Mr Donald Maclean: ...troops in Italy, and, if so, how many, and how many are there in Bulgaria and Turkey and the Caucasus. Can he give us any information as to the military establishments at present in Egypt and in Palestine, and there was also a question asked with regard to Mesopotamia. May I also ask what is the position with regard to the brigade which was stationed at Batoum? Has it been withdrawn, and,...

Oral Answers to Questions — British Army.: British Troops in Turkey. ( 9 Dec 1919)

Mr Winston Churchill: As regards the first part of the question, of the pre-war Turkish Empire, Mesopotamia, Hodeida, and part of Palestine are in the occupation of British troops. As regards the second part, Thrace, Constantinople and the Straits and the Anatolian Railway are in joint occupation of British and Allied troops.

Oral Answers to Questions — Peace Treaty.: Egypt and Soudan (Civil Services). (27 Nov 1919)

Colonel Ralph Glyn: ...service, chances of promotion, and rate of pension on retirement, it is considered probable that suitable individuals will offer themselves for employment in the Civil Service of Egypt, the Soudan, Palestine, etc.?

Motion for Adjournment.: Govebnment Policy. (17 Nov 1919) is a fact that there were two brothers, one on either side. That is the racial aspect. Then there is the ethnological aspect. I believe that the settlement of the world's peace starts from Palestine. That question has been hanging fire now for fifteen months. Settle the Palestine question and the problems of the associated countries of Syria and Armenia, and you will safeguard the...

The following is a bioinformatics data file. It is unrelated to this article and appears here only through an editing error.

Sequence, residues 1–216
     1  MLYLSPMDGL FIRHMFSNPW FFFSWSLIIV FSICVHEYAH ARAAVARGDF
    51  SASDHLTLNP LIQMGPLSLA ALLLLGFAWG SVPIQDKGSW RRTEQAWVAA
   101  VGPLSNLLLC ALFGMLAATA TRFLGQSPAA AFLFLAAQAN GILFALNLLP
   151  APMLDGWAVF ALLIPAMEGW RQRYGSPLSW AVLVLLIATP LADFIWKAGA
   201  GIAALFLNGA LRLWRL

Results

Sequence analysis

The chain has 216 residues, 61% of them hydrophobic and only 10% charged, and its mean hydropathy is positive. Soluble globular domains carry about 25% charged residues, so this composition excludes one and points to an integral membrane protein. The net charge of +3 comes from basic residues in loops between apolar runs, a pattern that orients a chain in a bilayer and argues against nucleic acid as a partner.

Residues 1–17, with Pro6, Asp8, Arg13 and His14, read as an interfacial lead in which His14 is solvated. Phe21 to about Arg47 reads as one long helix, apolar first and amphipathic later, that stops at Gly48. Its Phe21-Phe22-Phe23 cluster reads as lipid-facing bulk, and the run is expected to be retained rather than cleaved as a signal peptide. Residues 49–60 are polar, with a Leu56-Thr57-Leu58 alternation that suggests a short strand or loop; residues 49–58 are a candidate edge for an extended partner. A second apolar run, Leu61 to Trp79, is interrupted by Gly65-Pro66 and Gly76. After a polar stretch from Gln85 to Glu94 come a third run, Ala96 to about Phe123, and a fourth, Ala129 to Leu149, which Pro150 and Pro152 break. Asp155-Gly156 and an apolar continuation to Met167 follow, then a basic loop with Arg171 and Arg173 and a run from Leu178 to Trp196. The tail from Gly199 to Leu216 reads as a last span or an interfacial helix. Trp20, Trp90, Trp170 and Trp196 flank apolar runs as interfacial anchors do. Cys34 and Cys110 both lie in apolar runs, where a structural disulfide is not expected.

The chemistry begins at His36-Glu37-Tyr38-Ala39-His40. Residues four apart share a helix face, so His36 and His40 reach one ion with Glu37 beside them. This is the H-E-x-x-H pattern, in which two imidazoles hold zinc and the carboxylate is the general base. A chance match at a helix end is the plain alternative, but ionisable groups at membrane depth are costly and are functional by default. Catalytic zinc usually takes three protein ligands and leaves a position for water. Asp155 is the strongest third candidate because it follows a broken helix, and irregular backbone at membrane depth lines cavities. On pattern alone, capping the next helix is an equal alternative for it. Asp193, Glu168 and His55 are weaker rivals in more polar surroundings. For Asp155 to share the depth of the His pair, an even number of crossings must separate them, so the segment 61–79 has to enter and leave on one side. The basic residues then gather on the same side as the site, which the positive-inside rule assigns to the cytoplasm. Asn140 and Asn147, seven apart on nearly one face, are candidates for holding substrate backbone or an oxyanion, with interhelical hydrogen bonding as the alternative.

Orders of the Day — Aliens Restriction Bill: Clause 13. — (Definitions.) (13 Nov 1919)

Commander Hon. Joseph Kenworthy: I beg to move, at the end of Sub-section (1), to add the words but shall not be held to include citizens of the state of Poland, Czecko-Slovakia, Roumania, Jugo-Slavia, Hungary, Palestine, Latvia, Lithuania, Esthonia, Greece, France, Italy, Denmark, or Belgium, or persons living in those parts of the ancient empire of Turkey which are no longer under direct Turkish rule. This Amendment stands...

Oral Answers to Questions — Palestine. ( 3 Nov 1919)

Oral Answers to Questions — Palestine.

Oral Answers to Questions — National Film Museum. (30 Oct 1919)

Mr Henry Forster: My right hon. Friend has asked me to reply. All the official War films (except the Palestine films which are in Sir W. Jury's possession) have been handed over to the War Office and are stored in specially prepared fireproof rooms at the War Office. The question of the preservation of all these films is now under consideration.